“Traditional Biblical Values” – Rev Susan Russell Sermon (Video)
In the Episcopal Church (and wider Anglican communion), the next to last Sunday of the year is known as “Bible Sunday”, with a collect that reads:
Blessed Lord, who caused all holy Scriptures to be written for our learning: Grant us so to hear them, read, mark, learn, and inwardly digest them, that we may embrace and ever hold fast the blessed hope of everlasting life, which you have given us in our Savior Jesus Christ; who lives and reigns with you and the Holy Spirit, one God, for ever and ever. Amen.
At “An Inch at a time”, Rev Susan Russell has placed a video of the sermon she delivered on how to approach the bible sensibly – with respect, and also rationally, with a post titled “On taking the Bible too seriously to take it literally“. Her words are filled with abundant good sense. Watch, listen – and reflect.
Russell is speaking from an explicitly Episcopal/Anglican perspective, but her words will make sense to people from many different faith backgrounds. (One of my earliest posts at QTC was on advice for Catholics by the Pontifical Biblical Commission, which is more formal, but not dissimilar). Rachel Held Evans, writing as an Evangelical Christian on “The Danger of Calling Behaviour “Biblical” makes a similar point on claims about “biblical womanhood”. Her article begins with reference to an interchange in a “Daily Show” interview by Jon Stewart with Mike Huckabee on “biblical marriage”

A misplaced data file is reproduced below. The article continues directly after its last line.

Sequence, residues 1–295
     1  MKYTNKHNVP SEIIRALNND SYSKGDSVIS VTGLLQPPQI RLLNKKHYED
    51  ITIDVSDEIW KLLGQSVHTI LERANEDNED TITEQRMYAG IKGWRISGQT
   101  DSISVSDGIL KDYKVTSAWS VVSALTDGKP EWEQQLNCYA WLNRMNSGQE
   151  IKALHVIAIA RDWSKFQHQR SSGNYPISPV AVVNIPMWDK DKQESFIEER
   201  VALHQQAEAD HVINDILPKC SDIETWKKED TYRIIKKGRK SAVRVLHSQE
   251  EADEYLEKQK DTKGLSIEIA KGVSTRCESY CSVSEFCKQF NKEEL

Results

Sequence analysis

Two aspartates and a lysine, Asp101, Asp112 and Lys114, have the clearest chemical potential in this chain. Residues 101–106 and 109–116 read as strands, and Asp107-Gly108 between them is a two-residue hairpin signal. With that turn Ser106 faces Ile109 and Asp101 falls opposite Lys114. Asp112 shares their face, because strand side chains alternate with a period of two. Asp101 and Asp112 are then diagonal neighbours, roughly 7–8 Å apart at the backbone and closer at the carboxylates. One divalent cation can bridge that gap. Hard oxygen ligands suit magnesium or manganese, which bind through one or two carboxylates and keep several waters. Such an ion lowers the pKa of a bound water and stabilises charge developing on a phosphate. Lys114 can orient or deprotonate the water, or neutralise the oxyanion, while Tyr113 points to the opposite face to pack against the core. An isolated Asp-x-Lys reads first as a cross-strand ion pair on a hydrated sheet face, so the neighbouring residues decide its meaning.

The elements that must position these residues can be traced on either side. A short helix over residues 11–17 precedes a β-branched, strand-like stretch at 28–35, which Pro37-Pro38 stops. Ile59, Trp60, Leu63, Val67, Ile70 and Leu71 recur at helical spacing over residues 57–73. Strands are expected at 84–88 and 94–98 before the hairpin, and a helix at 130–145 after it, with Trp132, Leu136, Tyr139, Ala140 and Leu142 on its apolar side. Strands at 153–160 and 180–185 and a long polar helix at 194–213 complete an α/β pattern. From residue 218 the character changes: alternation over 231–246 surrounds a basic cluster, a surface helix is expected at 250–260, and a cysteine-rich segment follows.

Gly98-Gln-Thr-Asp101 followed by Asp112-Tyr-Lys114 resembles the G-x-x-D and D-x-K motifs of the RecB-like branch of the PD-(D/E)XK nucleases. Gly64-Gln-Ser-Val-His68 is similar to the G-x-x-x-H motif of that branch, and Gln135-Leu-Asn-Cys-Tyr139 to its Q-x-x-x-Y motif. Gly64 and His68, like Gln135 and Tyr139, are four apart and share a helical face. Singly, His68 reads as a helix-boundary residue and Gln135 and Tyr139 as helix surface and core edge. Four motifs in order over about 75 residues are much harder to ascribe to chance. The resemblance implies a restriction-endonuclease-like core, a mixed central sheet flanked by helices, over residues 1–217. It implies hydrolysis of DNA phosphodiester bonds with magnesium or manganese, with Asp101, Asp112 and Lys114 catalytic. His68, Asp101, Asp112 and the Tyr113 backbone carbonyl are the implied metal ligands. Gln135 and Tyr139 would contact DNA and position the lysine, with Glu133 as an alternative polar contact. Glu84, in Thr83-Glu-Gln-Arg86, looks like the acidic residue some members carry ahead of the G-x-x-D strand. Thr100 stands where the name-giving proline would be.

On “The Daily Show” recently, Jon Stewart grilled Mike Huckabee about a TV ad in which Huckabee urged voters to support “biblical values” at the voting box.
When Huckabee said that he supported the “biblical model of marriage,” Stewart shot back that “the biblical model of marriage is polygamy.”
And there’s a big problem, Stewart went on, with reducing “biblical values” to one or two social issues such as abortion and gay marriage, while ignoring issues such as poverty and immigration reform.
Noting that the Bible is not a “position paper”, but an eclectic assortment of texts written over thousands of years (just the point that Rev Russell makes), she turns to the abuse of biblical texts by some in attempts to enforce particular views on the place of women in the church.
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